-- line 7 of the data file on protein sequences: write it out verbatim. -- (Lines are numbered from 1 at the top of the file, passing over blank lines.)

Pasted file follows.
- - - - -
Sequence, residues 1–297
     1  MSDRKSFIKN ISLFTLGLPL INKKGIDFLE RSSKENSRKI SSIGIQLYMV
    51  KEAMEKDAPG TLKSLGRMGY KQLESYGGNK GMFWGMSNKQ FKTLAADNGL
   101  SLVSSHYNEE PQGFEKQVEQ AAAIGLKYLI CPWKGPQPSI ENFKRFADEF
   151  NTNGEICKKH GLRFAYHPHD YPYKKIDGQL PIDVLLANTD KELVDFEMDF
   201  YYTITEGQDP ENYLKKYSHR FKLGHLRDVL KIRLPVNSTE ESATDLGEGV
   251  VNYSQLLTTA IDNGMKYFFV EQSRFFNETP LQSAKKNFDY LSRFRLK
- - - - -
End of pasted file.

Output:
   251  VNYSQLLTTA IDNGMKYFFV EQSRFFNETP LQSAKKNFDY LSRFRLK